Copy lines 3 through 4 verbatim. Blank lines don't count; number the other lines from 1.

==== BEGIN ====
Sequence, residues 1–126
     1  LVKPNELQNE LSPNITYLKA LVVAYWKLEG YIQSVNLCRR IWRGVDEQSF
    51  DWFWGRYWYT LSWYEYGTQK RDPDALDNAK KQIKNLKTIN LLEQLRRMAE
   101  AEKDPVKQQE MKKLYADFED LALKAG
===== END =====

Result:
    51  DWFWGRYWYT LSWYEYGTQK RDPDALDNAK KQIKNLKTIN LLEQLRRMAE
   101  AEKDPVKQQE MKKLYADFED LALKAG